|by Nikki Steele|
Olson hails from Lexington (SC) and graduated from Irmo, but spent the first four years of his collegiate career with the Stanford Cardinal – a program from 2010 to 2013 that was a mainstay in the Top 10, won at least 11 games each season and played in four BCS bowl games – two Rose Bowls, a Fiesta Bowl and an Orange Bowl.
Olson graduated from Stanford in the spring and decided to spend the final year of his eligibility closer to home as a Tiger.
While there are obvious schematic differences between the Cardinal and the Tigers, Olson said that the two programs are more alike than people might think.
“There is a lot of speed here at the skill positions and even on the defensive line,” Olson told TigerNet recently. “That's not something you can train. There is a lot of talent on this team and as you saw out there, the defense is really fast. We have some great playmakers on the outside with some speed, too.”
Clemson runs more of a spread offense while Stanford runs more of a pro-style offense, but Clemson’s ability to take advantage of match ups is what really separates the two programs.
“Scheme-wise on offense, here we take our one-on-one match ups more often,” Olson said. “At Stanford, it's more of that pro-style where we check to the correct play where we can read it out. Here, Coach (Chad) Morris will either check us into a different play or we will keep the same play and take our one-on-one match ups giving our receivers a chance to make a play.”
Olson said that while he was prepared for Clemson’s tempo, the pace of the practice is something that takes getting used to. He then said he thinks the pace compares to the pace that Oregon – a rival of Stanford’s – runs in the Pac-12.
“It wasn't surprising, but it's certainly different,” Olson said. “I was expecting it, so it wasn't surprising. It takes getting used to. I wasn't at Oregon's practice, so I don't know if their practice was like it is here, but practice is certainly faster than anything I've ever been a part of. I think the offense is probably about the same pace as Oregon's, maybe even faster.”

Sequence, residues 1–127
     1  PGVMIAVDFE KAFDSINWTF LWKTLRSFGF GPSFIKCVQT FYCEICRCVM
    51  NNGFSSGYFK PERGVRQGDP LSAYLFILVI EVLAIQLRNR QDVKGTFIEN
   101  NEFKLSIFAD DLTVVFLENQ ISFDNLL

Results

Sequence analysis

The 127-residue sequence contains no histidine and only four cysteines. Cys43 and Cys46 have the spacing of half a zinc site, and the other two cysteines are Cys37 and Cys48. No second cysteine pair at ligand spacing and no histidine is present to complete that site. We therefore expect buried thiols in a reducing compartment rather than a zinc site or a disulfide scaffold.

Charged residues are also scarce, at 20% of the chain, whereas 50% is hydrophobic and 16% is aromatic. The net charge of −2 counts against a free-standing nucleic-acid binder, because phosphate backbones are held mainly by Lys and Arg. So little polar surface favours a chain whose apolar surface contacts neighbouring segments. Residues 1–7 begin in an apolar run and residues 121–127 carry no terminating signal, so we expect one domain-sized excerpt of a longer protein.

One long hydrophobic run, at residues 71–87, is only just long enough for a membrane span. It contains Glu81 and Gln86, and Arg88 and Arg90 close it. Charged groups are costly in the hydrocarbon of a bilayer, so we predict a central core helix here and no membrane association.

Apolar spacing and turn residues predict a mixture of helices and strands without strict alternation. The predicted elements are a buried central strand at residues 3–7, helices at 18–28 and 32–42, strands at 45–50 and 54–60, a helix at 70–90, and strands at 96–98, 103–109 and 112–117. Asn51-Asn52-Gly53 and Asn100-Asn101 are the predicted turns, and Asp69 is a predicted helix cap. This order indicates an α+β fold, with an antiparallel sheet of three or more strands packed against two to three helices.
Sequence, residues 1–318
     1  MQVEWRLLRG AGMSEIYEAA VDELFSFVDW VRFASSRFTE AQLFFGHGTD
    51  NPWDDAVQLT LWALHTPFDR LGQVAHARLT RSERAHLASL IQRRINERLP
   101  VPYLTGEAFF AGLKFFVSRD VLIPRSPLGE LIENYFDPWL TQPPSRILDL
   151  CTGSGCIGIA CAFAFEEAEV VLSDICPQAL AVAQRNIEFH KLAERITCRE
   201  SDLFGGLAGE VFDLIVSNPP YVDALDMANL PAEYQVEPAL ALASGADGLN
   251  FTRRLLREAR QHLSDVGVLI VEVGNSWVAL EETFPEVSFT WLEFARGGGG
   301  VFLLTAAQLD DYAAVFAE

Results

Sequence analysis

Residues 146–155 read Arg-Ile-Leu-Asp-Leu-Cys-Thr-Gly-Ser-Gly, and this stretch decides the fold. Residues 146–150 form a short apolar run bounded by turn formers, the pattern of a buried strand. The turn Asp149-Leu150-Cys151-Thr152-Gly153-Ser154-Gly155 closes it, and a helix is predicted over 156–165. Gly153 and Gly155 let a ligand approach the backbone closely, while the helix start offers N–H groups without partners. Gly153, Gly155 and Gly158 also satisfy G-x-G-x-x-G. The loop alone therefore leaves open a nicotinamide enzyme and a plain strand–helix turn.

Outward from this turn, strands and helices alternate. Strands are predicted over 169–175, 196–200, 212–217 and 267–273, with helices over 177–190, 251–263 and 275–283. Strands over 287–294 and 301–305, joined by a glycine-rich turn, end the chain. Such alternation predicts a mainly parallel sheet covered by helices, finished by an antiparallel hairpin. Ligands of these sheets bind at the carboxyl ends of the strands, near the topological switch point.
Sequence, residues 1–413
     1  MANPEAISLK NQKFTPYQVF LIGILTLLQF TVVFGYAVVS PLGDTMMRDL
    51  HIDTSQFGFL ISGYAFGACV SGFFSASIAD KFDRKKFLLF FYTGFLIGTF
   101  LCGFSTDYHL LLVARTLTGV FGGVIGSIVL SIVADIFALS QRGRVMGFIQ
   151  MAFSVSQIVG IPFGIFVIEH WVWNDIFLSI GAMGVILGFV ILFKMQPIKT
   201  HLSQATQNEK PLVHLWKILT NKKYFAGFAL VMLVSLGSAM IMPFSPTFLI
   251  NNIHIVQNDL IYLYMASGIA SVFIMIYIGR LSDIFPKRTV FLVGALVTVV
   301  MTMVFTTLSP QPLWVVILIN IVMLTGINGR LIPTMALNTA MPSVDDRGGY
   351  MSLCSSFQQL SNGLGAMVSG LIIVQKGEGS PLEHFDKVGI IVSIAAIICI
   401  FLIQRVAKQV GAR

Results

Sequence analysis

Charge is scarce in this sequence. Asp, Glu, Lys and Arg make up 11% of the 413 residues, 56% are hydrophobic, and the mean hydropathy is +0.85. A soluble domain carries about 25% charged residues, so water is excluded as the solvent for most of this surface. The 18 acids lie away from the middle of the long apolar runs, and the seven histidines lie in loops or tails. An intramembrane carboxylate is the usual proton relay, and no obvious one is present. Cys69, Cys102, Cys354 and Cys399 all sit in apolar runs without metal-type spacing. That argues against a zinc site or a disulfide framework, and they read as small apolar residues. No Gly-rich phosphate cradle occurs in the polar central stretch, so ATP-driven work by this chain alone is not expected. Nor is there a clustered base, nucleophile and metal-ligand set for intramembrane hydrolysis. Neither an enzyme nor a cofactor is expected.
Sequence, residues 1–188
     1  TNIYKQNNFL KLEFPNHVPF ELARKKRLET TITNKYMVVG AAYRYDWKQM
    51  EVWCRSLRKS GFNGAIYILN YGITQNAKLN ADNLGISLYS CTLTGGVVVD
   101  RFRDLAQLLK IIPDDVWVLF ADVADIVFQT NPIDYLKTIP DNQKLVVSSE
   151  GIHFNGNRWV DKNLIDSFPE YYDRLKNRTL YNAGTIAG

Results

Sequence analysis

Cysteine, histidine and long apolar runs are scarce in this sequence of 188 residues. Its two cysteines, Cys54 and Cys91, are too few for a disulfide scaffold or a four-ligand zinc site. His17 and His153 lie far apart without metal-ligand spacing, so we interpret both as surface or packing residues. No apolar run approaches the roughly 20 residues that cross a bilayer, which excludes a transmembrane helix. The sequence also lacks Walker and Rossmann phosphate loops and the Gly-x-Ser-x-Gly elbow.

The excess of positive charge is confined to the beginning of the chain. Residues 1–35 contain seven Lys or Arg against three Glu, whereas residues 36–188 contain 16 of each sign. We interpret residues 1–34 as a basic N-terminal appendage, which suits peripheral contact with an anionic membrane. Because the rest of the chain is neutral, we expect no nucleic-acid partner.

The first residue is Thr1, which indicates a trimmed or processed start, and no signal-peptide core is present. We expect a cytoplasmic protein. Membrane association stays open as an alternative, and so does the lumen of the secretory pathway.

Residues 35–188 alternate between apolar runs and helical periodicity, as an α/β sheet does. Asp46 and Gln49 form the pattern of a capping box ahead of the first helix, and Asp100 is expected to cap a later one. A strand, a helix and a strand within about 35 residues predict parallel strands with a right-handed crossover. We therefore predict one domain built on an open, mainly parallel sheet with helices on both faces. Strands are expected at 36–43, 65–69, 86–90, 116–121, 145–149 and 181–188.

Defensively, the Tigers have a different type of player on the line and at linebacker.
“Our defense at Stanford was a 3-4 scheme, so we would have three interior linemen - big guys - and then our four linebackers,” Olson said. “The two outside guys were tall and long. We really formed that wall up front and that was the focus. Here, I haven't been interacting with our defense at a close level. Our secondary is called the, 'No Fly Zone.' We have a lot of speed out there and they have great hands. I think they are adjusted to playing these fast offenses - fast tempos.”
Off the field, Olson has a similar routine to what he had during the summer and fall and Stanford.
“There's not any free time during camp, so camps are pretty much the same,” he said. “During the summer, it was a little different living off camps and driving to and from being kind of far away from the campus. During camp, we're here all of the time. We're in the building. We're napping in the locker room. It's been pretty similar so far.”
He’s also fitting in well with his teammates, and even becoming a team leader in the three short months that he’s been a Clemson Tiger.
“At first, any new setting, you have to get comfortable with the guys and they have to get comfortable with you,” he said. “I gave that some time. I was myself. They seem to take a liking to me and I like all of the guys here. I was able to come out of my shell a little more quickly. I feel like I can lead these guys in the same that I was a leader at Stanford. That's just a part of the game of football.”
Once the season gets started, Olson is looking forward to one thing – getting on the field and playing in front of the home crowd.
“I can't wait. The most exciting 25 seconds in college football,” he said. “I'm looking forward to getting on the field and playing in front of these fans because they are great. My teammates have been great so far, so I'd like to get on the field and make some great plays and get my guys the ball.”
Nikki Steele can be reached at email@example.com